The final portion of this route to the summit is the trickiest, with about a hundred or so metres of rocks you must climb down in order to get to the main path.
However, if you are up for it then I’d definitely recommend doing both paths as a part of your Ben Lomond climb.
As far as I am aware, Ben Lomond is open all year round.
But you should definitely check the weather forecast and speak to some locals before doing the walk if you are there in winter.
There’s a very good chance of there being snow and ice higher up the mountain, making it much more treacherous and making the path harder to follow.
You’ll may even need more suitable gear, so it’s best to seek some advice from those more experienced.
Wild camping in Scotland was by far one of the most memorable parts of our entire 2 month long visit.
And it just so happens that one of the best spots is the Ben Lomond car park which allows you to stay overnight.
If you park in the car park, then you’ll need to pay for parking, but there are 7 or 8 spaces just at the entrance to the car park (pictured below) which don’t require a ticket.
We stayed here for one night and it was wonderful waking up early with no one around and wonderful views down Loch Lomond.
It also means you can get a head start up the mountain before it gets busy.
Walking Ben Lomond with your dog? Check out these great dog-friendly hotels.
Staying overnight here also offered me the chance to discover some of the other sites around Ben Lomond.
There is a shorter walk that takes about 45 minutes round trip, and includes a tour of some old sites.
These are locations where small wooden/stone houses used to be where local farmers lived.
You can only imagine how brutal living in one of these must have been at times!
There is a small visitor centre here that has a re-creation of one of these old structures, as well as a map of the routes you can walk.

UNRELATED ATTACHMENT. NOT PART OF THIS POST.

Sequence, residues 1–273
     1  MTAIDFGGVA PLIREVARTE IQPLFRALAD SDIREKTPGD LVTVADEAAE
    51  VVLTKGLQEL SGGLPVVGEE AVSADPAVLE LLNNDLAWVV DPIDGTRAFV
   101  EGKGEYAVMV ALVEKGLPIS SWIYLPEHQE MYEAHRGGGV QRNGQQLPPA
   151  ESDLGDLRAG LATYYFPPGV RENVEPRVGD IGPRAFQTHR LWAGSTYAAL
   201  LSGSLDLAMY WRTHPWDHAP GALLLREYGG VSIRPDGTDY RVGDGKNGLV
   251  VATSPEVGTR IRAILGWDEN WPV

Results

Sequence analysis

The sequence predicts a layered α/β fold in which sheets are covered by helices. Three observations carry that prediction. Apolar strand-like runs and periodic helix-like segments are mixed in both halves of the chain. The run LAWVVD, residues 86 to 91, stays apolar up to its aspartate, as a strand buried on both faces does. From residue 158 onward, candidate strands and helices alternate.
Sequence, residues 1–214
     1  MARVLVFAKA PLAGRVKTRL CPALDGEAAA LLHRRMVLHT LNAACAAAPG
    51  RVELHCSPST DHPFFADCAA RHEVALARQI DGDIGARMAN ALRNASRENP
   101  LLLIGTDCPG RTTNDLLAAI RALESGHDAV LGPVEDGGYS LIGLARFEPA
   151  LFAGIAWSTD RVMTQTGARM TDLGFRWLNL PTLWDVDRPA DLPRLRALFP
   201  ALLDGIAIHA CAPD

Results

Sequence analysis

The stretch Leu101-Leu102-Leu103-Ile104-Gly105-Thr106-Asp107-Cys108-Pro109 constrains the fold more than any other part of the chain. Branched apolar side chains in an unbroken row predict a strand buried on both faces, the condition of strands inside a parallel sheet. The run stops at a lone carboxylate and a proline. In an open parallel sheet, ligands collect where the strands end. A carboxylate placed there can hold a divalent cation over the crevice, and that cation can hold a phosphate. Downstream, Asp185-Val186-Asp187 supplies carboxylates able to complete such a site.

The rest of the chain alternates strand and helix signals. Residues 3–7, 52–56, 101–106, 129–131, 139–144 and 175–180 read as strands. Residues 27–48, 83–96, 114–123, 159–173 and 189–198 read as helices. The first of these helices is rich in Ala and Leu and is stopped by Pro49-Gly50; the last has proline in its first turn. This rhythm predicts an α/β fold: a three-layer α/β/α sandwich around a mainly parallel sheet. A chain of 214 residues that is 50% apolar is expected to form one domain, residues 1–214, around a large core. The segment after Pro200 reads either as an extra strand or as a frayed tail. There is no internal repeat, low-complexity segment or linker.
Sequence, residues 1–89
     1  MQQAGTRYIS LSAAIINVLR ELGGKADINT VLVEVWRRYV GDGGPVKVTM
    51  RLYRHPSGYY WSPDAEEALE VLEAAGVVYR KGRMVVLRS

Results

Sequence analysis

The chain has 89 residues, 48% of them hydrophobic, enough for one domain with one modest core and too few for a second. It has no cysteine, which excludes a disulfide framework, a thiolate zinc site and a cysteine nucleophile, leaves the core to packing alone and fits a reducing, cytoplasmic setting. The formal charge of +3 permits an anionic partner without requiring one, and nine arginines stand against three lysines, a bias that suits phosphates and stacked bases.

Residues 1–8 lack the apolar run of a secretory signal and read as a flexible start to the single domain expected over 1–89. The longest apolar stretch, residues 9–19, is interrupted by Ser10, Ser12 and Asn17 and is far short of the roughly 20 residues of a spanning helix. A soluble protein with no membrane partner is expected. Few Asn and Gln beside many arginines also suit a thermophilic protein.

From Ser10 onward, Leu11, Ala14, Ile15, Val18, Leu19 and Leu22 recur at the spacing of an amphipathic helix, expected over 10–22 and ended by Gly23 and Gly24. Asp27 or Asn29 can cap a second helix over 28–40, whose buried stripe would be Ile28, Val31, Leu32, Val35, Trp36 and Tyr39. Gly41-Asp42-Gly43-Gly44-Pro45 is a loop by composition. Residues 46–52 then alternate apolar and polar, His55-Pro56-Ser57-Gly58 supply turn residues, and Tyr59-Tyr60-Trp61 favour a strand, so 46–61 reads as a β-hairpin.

No matter what time of year you choose to visit Scotland and climb Ben Lomond, you can almost guarantee there will be rain or drizzle.
Good waterproofs are essential for the climb, as well as decent walking shoes.
Oh yeah, and a waterproof bag as well as you don’t want all of your clothes getting soaked!
We always recommend Osprey for our climbing gear as they’ve never let us down!
Ben Lomond climbing gear list:
They advise that the total route can take between 4 to 6 hours, so be sure to take plenty of food and water with you.
There is nowhere to buy food or drink on the way up the mountain, except for a small stall outside of someone's home.
It’s located at the end of the Orange route, and they were selling water, some cakes, crisps and other snacks.
All you had to do was leave money in the box on the wall; I’m not sure if they offer this all year round so don’t rely on it.
The night we stayed we decided to get dinner from the pub located right next to the car park.
Unfortunately for us, this was during the period when the whole region was under some lockdown restrictions so we couldn’t eat in (pretty gutting as they had a log fire in there!!!!).
Either way, the food was great (we went for the battered halloumi and chips) and they have lots of options.
They also have outdoor seating so in the summer this would be a great spot to relax and unwind after a good old climb up Ben Lomond.
That’s about it from me, I just hope some of these tips could be of help!
I definitely recommend taking the time to walk up Ben Lomond if you find yourself in the area, if nothing else it definitely feels like an achievement getting back to the car park!
If you have any other tips or questions to ask, just leave a comment below ...